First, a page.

In fact, the $400+ phone price bracket (and the $800+ one within it), was the fastest-growing segment last year, explaining why Apple and Samsung still make plenty of money from phones despite flat or declining sales, as you can see from Counterpoint's graph below.



Repair prices are hitting record levels


Adding insult to the price injury, however, are the hundreds of dollars you still have to spend when your phone hits the pavement. A cracked screen of the OLED variety in the new S10 trio is north of $200, while a split glass rear of the XS Max is $600. Compare this with the replacement of the iPhone 7 Plus metal body or LCD display at half the price.




Most of today's flagships feature some sort of water-tight certification so you are basically left with very little choice but the official replacement prices if you want your iPhone or Galaxy restored up to spec. When we probed the phone makers for the panel replacement costs of their spanking new flagships, we also asked about the turn-around-time (TAT), or how long does it usually take for the whole ordeal - shipping or bringing the phone to the designated repair service places, then diagnostics, part replacement(s), and shipping it back to the owner.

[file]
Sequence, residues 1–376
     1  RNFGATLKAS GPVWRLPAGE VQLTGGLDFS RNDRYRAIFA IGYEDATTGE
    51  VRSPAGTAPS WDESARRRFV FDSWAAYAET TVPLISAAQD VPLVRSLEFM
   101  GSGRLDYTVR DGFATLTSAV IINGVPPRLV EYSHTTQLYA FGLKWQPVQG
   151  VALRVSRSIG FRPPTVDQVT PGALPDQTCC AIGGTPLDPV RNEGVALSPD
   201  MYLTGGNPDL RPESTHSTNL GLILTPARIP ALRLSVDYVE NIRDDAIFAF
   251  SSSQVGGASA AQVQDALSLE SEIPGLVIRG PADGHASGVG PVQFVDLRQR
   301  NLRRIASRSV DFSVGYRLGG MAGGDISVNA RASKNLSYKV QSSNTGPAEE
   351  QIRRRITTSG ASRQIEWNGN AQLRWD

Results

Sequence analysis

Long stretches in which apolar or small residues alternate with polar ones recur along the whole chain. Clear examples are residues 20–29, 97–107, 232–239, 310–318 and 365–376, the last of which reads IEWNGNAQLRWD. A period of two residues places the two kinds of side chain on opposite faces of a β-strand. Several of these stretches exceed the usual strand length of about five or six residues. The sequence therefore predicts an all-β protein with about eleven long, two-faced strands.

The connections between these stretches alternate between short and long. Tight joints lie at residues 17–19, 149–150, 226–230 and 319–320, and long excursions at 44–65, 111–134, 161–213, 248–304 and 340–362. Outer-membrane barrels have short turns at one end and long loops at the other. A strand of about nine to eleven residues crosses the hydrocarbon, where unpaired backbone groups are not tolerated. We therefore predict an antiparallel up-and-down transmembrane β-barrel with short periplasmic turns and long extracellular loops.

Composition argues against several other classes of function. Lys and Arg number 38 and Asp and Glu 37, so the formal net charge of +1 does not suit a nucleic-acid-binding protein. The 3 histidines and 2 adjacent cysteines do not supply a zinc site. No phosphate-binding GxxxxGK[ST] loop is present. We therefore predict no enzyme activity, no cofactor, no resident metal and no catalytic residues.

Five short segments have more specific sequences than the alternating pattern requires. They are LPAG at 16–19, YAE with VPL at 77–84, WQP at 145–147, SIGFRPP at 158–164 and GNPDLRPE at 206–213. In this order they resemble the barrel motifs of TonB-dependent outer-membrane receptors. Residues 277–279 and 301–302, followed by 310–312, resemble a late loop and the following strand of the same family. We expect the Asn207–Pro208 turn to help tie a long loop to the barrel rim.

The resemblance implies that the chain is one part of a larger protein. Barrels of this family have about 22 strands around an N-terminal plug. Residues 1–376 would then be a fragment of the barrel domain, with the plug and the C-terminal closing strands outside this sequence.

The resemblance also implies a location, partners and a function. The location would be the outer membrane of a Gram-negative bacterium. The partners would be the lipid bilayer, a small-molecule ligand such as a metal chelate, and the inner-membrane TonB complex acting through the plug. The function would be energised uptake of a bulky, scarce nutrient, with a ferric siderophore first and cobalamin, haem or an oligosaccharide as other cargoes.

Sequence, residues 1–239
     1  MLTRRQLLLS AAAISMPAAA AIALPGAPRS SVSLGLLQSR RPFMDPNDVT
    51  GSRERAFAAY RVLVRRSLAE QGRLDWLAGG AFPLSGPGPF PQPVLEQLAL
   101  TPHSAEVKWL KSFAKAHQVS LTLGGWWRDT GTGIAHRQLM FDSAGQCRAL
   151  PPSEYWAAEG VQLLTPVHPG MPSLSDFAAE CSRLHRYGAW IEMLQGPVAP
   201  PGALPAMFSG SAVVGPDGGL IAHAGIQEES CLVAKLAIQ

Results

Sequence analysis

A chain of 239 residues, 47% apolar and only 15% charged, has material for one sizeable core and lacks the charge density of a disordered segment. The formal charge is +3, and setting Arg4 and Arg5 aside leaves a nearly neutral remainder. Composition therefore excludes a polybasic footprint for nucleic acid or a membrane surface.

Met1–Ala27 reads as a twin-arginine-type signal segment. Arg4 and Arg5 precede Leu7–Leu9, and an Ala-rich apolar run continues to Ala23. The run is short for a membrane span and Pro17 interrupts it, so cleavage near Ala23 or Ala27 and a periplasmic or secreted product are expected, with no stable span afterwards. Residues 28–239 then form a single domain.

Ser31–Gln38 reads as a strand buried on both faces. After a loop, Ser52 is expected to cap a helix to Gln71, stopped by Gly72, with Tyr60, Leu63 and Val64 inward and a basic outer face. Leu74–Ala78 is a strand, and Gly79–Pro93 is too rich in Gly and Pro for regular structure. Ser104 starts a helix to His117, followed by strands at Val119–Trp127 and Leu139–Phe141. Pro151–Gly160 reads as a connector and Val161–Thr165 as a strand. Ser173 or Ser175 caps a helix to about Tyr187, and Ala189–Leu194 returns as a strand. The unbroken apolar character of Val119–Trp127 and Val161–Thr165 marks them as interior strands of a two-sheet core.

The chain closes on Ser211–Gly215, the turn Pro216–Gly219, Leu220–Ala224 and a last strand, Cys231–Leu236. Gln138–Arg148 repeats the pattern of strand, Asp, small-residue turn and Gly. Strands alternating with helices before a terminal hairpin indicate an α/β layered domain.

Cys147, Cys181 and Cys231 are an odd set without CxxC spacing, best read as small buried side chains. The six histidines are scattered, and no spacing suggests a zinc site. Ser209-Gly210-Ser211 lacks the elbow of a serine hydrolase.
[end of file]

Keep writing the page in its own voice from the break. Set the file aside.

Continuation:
Those quotes are also included, but, as you see, they are largely the same - a 2-day allowance for travel back and forth, and about 5-7 days for repair - so you will be without a phone for about 10 days on average if you choose to go the shipping route. Apple can swap your broken screen in a jiffy, though, just make an online appointment for the nearest Apple Store, eat lunch and stroll the mall, then come back in a few hours, and the screen should be replaced already.

Marginal added value, highest prices, record repairs - circa '17


As you can see, while repairs may look bearable at a fraction (or a half in the case of Apple) of the retail price for a new phone, they are also the highest flagship repair costs in history if you crack your iPhone XS Max or Galaxy S10+. Accompanied by the highest ever phone prices, this dynamic duo should make you think twice what phone you are getting and how long will you keep it. 

Did you ask for Face ID? Hole-in-display? In-screen fingerprints? Six cameras? We didn't think so, but you are still getting them and will pay top dollar for the privilege to watch what's essentially a shareholder-friendly pissing contest in a flatlining market. What do you think?

Is all phone innovation since 2017 worth the record phone and repair prices?

Yes
12.21%
No
87.79%

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45 Comments

1. Tipus

Posts: 894; Member since: Sep 30, 2016

Apple didn't have to innovate to jack up prices :))

4. TheOracle1